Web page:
From Tiny To Tome, The Best Gift Books Of 2011

Illustration: Books wrapped up to be given as gifts.
Priscilla Nielsen for NPR

There is an important distinction to be made between a great book and a great gift book. Last month, the curious minds at W.W. Norton published a fascinating nonfiction keeper called The Great Big Book of Horrible Things: The Definitive Guide to History's 100 Worst Atrocities. In its own thoughtful way, it is genius. But you couldn't, in good faith, put a bow on it. The art book that thrilled me most this year, Saul Bass: A Life In Film & Design, is a picture-stuffed history of the master movie-poster and movie-credits designer. But would I recommend it to anyone other than a graphic designer or hard-core film geek? Not likely.

Any list of gift books has to keep some niche interests in mind. But within each of those subsets of enthusiasm — science, history, art, fashion, photography, etc. — there are books that demand to be spotlighted and are worth remembering at gift-giving time. This year's batch includes the most gargantuan one we've ever recommended — and one smaller than an iPad. No matter the size, they're all enriching page-turners. And by that we mean the actual turning of pages, not the flicking of your digits across the face of a Kindle Fire. That, you can save for a game of Fruit Ninja.

The New York Times Magazine Photographs

by Kathy Ryan

Hardcover, 448 pages, Aperture Foundation, $75, published September 30 2011 | purchase

Purchase Featured Book

Title
The New York Times Magazine Photographs
Author
Kathy Ryan

Your purchase helps support NPR Programming. How?

It's easy to take them for granted, printed as they are on pulp and framed in something we routinely toss into the recycling bin. But compiled in an impeccably designed and gorgeously reproduced coffee table book, the photographs commissioned by The New York Times Magazine are a revelation — arguably, the most wide-ranging and accomplished photojournalistic body of work of the past many decades.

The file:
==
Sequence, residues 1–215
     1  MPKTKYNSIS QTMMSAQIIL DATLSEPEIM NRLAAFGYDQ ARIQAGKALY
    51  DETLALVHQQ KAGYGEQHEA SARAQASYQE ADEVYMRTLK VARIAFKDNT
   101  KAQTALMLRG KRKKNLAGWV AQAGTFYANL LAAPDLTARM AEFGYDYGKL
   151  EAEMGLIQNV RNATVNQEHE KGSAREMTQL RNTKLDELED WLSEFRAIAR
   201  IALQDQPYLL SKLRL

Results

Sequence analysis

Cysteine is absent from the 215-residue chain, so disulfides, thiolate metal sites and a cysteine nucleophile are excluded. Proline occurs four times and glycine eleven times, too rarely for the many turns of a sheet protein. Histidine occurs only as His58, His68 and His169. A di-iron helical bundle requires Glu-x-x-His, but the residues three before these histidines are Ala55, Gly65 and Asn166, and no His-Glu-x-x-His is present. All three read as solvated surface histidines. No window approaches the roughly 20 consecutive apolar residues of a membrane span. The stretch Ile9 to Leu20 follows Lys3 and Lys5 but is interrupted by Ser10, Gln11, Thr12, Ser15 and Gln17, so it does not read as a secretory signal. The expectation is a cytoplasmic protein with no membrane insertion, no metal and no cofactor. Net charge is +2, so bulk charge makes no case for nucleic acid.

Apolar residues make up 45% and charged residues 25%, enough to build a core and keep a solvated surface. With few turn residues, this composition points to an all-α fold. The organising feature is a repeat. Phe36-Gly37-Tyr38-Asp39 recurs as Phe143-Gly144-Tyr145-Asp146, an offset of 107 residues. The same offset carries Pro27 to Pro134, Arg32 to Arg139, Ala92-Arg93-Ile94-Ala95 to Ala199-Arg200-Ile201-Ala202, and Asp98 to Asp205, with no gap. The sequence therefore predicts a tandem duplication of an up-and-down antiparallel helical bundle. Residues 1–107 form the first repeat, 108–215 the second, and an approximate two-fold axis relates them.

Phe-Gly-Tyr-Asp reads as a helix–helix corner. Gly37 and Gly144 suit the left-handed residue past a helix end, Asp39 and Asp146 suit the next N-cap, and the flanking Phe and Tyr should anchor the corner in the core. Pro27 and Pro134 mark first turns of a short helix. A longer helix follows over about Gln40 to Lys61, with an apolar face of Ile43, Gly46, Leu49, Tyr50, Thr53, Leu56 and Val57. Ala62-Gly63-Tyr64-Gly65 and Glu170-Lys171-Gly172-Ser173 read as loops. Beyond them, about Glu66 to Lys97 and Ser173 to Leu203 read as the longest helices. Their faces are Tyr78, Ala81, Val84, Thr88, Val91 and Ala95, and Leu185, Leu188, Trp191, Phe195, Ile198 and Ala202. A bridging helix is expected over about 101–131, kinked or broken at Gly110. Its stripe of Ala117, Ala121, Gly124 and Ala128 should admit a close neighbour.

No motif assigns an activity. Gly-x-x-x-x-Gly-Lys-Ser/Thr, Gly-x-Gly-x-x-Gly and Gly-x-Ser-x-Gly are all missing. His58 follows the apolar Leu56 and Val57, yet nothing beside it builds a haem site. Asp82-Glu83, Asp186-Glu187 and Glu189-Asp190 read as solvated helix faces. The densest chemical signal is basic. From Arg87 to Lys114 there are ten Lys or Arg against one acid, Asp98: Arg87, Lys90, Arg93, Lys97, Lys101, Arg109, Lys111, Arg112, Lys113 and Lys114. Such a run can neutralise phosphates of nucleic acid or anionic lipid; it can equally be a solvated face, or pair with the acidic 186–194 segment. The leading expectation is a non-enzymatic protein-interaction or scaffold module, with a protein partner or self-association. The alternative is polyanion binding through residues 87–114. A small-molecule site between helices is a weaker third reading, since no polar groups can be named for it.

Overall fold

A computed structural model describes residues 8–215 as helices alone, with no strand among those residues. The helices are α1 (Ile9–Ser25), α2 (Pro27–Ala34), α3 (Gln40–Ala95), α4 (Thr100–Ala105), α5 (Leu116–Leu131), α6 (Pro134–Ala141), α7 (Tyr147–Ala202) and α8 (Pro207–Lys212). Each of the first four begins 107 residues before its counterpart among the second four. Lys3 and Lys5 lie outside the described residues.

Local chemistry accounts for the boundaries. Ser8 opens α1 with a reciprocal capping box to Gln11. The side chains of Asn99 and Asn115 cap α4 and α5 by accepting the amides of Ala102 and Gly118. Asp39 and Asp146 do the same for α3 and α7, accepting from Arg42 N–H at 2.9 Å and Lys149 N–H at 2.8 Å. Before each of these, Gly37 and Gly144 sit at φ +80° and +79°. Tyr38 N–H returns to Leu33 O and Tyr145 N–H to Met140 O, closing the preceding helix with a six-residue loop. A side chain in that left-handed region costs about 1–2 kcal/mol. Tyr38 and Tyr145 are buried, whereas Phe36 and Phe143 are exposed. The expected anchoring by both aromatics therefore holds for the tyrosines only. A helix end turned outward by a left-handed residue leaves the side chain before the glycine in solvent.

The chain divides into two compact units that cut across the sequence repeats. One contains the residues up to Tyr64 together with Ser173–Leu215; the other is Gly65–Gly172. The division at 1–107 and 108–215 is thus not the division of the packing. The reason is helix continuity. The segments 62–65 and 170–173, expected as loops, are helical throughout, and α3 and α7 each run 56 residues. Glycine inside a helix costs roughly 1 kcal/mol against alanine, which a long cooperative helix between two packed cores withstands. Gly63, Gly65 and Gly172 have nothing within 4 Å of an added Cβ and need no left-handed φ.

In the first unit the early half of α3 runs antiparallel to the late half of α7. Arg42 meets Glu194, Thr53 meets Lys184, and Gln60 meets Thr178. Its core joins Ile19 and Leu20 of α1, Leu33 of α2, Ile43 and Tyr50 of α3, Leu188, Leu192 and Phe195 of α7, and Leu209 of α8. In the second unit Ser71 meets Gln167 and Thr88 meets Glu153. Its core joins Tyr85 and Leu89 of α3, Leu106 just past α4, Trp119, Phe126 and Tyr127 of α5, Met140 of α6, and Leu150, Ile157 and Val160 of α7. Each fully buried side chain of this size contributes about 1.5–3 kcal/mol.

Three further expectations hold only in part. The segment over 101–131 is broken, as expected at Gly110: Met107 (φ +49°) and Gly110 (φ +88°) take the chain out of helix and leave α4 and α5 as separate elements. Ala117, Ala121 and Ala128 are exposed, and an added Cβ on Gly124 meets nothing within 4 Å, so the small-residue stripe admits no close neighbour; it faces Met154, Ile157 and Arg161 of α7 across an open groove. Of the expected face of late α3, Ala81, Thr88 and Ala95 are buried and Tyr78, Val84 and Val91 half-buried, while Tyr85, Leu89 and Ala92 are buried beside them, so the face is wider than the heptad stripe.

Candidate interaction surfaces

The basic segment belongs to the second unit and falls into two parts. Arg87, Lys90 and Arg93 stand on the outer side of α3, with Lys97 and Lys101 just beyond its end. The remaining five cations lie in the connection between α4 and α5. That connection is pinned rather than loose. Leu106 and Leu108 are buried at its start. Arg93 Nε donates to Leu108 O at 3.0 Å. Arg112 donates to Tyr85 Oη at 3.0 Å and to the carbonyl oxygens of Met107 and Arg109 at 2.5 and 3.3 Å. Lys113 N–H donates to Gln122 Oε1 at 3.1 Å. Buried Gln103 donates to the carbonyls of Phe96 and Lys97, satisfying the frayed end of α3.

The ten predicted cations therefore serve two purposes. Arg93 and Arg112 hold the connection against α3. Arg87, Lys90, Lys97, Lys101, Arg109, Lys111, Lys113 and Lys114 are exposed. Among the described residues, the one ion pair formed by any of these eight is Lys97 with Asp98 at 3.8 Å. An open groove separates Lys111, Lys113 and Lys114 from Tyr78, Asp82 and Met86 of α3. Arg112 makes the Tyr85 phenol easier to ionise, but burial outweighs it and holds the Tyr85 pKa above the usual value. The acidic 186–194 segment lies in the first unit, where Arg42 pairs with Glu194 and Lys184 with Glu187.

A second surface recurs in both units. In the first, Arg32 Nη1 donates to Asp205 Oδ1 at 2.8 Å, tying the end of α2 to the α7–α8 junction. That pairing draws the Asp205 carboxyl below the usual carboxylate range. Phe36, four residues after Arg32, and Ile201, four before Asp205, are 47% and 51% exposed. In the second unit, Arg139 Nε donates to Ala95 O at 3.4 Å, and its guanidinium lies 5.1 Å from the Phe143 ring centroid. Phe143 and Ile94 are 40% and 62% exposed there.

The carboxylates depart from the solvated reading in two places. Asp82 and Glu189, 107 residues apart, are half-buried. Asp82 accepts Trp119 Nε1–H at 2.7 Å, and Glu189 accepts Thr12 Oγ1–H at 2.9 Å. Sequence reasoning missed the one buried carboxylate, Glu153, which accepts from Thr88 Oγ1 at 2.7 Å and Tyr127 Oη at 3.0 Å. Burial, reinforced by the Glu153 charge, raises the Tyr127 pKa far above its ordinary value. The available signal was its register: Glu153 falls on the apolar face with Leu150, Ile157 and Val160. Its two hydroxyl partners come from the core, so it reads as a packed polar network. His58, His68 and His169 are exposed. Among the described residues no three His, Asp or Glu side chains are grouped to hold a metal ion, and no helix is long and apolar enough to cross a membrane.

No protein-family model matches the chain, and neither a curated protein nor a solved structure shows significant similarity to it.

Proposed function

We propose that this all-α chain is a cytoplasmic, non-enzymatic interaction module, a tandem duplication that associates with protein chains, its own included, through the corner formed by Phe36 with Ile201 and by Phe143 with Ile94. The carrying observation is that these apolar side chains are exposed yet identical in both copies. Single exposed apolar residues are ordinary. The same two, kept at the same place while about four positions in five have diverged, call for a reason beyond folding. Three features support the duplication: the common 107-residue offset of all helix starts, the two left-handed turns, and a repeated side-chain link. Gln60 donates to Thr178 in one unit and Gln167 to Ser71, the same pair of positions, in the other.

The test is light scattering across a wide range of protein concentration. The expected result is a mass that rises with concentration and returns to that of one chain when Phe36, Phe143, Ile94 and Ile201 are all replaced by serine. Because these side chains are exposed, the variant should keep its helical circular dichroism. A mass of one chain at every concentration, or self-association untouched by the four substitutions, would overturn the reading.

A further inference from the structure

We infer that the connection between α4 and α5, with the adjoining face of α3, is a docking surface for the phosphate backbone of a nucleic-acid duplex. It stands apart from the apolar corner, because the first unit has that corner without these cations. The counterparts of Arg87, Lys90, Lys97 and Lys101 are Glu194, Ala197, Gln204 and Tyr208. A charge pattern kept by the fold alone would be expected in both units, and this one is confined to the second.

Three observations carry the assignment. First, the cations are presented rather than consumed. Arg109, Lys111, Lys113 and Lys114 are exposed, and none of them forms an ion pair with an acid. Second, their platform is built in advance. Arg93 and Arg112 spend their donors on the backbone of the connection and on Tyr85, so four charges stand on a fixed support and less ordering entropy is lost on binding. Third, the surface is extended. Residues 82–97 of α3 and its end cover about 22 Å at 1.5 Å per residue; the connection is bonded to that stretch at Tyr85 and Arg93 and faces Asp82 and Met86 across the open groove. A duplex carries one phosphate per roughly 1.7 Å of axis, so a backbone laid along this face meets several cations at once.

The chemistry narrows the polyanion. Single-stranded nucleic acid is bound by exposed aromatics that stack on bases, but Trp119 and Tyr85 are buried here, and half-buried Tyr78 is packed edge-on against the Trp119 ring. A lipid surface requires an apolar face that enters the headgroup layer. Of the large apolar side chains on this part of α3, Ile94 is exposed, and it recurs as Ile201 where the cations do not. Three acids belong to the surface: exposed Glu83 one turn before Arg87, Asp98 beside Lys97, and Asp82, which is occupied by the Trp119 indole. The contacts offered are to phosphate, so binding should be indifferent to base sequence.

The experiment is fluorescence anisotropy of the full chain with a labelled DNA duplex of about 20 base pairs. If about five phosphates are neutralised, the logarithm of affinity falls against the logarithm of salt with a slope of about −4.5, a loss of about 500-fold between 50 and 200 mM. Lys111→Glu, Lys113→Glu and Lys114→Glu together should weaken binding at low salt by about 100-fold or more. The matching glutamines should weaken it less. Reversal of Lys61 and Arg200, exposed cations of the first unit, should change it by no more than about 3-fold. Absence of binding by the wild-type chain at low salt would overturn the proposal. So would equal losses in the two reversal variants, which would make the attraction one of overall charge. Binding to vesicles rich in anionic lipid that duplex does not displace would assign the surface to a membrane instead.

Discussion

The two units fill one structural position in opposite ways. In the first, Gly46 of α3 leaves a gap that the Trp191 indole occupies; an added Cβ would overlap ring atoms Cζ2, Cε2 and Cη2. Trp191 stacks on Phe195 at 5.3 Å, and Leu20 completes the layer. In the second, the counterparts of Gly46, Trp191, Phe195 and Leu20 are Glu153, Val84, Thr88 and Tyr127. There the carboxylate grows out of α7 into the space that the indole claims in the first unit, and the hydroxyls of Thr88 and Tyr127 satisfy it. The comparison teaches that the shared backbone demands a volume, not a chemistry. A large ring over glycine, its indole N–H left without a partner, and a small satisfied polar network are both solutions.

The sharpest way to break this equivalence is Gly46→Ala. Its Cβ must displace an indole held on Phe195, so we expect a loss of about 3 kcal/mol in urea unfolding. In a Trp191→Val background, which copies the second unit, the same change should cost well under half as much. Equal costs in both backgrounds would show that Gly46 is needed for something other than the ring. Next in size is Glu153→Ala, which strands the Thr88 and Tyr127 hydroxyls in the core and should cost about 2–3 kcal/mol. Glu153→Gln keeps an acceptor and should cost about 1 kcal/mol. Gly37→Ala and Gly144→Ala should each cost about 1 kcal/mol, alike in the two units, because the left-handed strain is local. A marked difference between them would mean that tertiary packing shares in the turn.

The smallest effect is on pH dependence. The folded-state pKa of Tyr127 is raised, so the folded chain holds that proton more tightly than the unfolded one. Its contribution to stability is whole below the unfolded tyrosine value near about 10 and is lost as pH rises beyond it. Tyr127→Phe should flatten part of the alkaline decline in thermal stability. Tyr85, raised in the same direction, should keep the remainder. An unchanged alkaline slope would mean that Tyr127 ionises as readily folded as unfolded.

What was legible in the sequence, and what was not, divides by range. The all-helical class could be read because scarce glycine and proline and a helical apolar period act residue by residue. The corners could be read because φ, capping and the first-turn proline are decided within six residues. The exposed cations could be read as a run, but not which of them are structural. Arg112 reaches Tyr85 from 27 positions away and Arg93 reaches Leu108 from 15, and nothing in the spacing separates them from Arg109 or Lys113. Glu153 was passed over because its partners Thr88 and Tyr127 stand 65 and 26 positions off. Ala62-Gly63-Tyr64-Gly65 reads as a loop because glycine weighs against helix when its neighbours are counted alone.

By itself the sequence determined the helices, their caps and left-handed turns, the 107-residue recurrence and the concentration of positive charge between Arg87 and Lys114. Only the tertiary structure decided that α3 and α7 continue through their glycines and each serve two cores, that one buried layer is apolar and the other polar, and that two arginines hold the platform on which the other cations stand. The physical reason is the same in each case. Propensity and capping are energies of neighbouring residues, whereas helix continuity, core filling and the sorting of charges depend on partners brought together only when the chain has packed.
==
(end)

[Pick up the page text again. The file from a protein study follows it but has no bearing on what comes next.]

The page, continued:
The measure of a great photography book isn't in the pictures alone; it's in the organization of its ideas, the pacing and provocative juxtaposition of its images — in a word, the book's intelligence. And Photographs (Aperture, $75) is smarter than most. Hundreds of vital photographers are showcased here, among them: Cindy Sherman, Dan Winters, Deborah Turbeville, Ryan McGinley, Mary Ellen Mark and Massimo Vitali. Food, reportage, portraiture, photo-illustration — the pages of this book practically vibrate with the color and culture and clashes of our times.

You might also consider:

Power: Portraits of World Leaders
By Platon, hardcover, 224 pages

If Power (Chronicle, $35) takes as its focus only a sliver of Photographs' scope, it's a fascinating sliver — especially in light of the coming election year. In fact, these images by bold portraitist Platon are so luminous and literally in your face that it humanizes the often inscrutable masks of, say, Mugabe or Netanyahu. Given recent revelations, Berlusconi's mischievous smirk will suddenly make sense to you, too.